Demography Denial II

Inventing Settlers to Scuttle Peace Talks

Gershom Gorenberg on the Israeli right's fuzzy math.

Demography denial, as I wrote here recently, is in fashion on the Israeli right. Faced with the argument that Israel can't rule over a large, disenfranchised Palestinian population and claim to be a democracy, the right's Alliance of Wishful Thinking invents smaller population figures and declares that—hooray!—Israel can annex the West Bank and maintain a Jewish majority. Inside the separate universe of the right, the numbers are responsively repeated until everyone knows they're true.

But with Israeli-Palestinian negotiations—just maybe, perhaps, hold your breath—about to resume, I should point out another Wishful Thinker trick: inflating the number of Israeli settlers. Relatively moderate demography deniers, such as Benjamin Netanyahu, use fanciful statistics to prove that the pre-1967 borders can't be the baseline for negotiations. Truly uninhibited deniers use the numbers to show that there's no point in negotiations at all. Journalists help out by behaving as if objectivity requires them to write down what politicians say without noting the nonsense.

Let's go back to May 2011. President Obama had just stated publicly that Israeli-Palestinian peace must "be based on the 1967 lines, with mutually agreed swaps." Netanyahu was furious. Speaking before Congress, he sought to prove that those borders had been erased by "dramatic demographic changes." Already, he said, "650,000 Israelis… live beyond the 1967 lines."In three ways, Netanyahu's comments were striking. First, he spoke as if the "demographic changes" happened by themselves, without government efforts. Second, he lumped Israelis living in the West Bank together with those in annexed East Jerusalem, violating a political taboo to make his point.

Third, news organizations reported what he said without checking the numbers. At the end of 2010, according to Israel's Central Bureau of Statistics, 311,000 Israelis lived in "the Judea and Samaria region"—the West Bank excluding East Jerusalem. The CBS is part of the Prime Minister's Office. Because of the same taboo, it doesn't report how many Israelis live in annexed East Jerusalem. But the independent Jerusalem Institute for Israel Studies processes government data to do just that. Its figure for the end of 2010 was about 191,000—producing a total of 502,000 Israelis in East Jerusalem and the rest of the West Bank. Bibi had added 148,000 extra settlers.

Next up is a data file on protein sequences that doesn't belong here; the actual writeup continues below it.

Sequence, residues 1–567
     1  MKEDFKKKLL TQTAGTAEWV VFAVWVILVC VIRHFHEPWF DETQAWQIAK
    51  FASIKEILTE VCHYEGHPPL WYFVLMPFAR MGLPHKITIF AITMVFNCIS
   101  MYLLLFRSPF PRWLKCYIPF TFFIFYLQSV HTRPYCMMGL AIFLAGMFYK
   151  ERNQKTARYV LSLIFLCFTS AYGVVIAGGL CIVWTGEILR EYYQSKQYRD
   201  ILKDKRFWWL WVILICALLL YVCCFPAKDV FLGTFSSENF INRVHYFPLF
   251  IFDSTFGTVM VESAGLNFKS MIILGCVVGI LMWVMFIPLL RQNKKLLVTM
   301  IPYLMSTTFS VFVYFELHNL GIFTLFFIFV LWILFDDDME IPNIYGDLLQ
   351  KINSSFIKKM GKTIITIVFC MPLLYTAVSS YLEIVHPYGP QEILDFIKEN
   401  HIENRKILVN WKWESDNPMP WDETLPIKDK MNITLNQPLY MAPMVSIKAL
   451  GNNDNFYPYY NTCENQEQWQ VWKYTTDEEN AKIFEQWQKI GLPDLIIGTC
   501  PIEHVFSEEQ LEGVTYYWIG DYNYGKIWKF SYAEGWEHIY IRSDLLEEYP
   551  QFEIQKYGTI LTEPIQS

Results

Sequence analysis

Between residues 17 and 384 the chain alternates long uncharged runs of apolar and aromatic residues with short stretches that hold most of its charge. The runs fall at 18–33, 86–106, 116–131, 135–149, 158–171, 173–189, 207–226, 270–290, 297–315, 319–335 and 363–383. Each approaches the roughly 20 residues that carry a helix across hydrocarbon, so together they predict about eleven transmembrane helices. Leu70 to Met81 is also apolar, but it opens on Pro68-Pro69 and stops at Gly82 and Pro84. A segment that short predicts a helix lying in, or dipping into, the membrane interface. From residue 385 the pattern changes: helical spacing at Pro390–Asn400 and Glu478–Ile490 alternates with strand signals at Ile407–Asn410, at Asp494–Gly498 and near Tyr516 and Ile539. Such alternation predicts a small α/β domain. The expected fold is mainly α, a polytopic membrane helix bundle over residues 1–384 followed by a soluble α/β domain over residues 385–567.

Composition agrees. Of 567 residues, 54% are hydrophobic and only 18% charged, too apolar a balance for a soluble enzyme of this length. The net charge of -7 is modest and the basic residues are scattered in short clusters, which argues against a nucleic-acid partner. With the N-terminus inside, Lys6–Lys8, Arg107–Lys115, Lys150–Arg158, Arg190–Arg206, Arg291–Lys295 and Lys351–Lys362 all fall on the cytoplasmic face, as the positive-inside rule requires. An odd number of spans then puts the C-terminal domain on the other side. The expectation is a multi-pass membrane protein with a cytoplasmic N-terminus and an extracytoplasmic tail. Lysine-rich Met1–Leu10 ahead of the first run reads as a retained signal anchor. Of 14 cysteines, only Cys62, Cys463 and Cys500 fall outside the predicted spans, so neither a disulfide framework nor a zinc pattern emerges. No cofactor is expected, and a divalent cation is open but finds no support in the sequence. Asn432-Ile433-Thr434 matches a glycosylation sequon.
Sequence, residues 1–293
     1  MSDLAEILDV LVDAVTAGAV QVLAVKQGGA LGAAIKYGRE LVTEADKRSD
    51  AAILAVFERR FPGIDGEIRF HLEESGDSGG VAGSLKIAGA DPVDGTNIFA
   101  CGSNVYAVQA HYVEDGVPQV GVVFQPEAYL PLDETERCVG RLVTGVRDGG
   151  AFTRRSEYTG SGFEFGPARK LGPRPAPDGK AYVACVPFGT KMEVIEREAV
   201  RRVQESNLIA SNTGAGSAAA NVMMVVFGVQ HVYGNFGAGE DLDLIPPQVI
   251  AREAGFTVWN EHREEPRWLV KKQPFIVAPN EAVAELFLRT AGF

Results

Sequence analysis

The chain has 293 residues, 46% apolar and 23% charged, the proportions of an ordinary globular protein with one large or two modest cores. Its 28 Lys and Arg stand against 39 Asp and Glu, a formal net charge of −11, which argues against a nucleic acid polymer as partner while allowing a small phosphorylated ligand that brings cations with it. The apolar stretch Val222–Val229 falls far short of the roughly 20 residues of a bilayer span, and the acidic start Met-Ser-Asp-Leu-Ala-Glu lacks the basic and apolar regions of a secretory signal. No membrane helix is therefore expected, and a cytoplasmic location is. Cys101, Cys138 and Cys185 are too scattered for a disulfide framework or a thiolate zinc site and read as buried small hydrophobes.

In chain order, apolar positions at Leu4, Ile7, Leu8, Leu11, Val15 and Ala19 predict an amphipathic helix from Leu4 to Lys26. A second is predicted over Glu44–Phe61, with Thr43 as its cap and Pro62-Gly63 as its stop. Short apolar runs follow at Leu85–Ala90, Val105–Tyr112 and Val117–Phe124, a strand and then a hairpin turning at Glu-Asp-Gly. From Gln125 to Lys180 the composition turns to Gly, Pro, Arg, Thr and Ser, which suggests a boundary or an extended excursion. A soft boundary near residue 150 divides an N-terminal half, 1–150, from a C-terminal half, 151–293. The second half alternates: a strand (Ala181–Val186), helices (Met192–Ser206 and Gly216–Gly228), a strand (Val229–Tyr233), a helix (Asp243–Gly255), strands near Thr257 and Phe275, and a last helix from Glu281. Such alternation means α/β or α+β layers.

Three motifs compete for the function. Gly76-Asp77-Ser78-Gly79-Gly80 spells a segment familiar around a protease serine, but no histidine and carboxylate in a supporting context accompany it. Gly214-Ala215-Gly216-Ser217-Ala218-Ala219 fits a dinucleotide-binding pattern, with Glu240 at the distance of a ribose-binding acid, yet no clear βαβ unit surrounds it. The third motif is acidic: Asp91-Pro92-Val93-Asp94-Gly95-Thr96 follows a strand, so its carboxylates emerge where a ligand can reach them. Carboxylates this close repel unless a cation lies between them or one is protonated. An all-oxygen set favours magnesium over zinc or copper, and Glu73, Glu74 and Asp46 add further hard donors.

Netanyahu didn't say where he got his figures. But reports in the right-wing press seemed to suggest a solid source: the Interior Ministry's Population Registry, where all Israelis are listed, with their addresses. The Registry regularly produces tables of how many people officially reside in each settlement. I stress "officially." When people move, they don't rush to change their addresses, especially if doing so means losing benefits for living in a settlement. Young adults commonly stay registered at their parents' homes. Emigrants are still listed at their last address; if they die abroad, they live on in the Population Registry. In the Registry, the settler population is always a few percent above the more accurate CBS figure.

In January last year, a settler news site gave the new Population Registry figure of 342,000 West Bank settlers. "That does not include about 300,000 Jews" in East Jerusalem, it added. The first number was 5 percent above the CBS figure. The second number was 50 percent too high—and wasn't actually attributed to the Registry. In fact, the Population Registry couldn't have provided the figure; it only adds up how many people live in Jerusalem as a whole. The figure of 300,000 Israelis in East Jerusalem again popped up in the pro-Netanyahu paper Israel Hayom last summer. This June, hawkish columnist Guy Bechor cited it in Yediot Aharonot—and attributed it to the Registry. Bechor told me he took the number from previously published articles. He also wrote that the Registry lists 385,000 settlers in the rest of the West Bank. That's 19,000 more than what the Registry told me.

The same day Bechor's article appeared, the Washington Post published an interview with Jewish Home leader Naftali Bennett. Rounding upward, Bennett said 700,000 Jews lived over the Green Line—and argued that Israel should therefore annex most of the West Bank. The Post didn't question his figures.

The settlement population has indeed grown since Netanyahu's speech to Congress. But the Wishful Thinkers are still imagining as many as 150,000 extra settlers.

Believe me, the real number of settlers is problem enough—and every additional home Israel builds over the Green Line is another chip tossed on the table by a compulsive gambler with a losing hand. But the point of the land-swap option is to reduce the number of settlers who will have to move under a two-state agreement. The political and social cost of returning the rest of the settlers to Israel is exorbitant—but still much less than the price of creating a Bosnia-like single state from river to sea. The demography deniers want to prove that negotiations based on the 1967 lines are impossible. Don't be fooled by their numbers.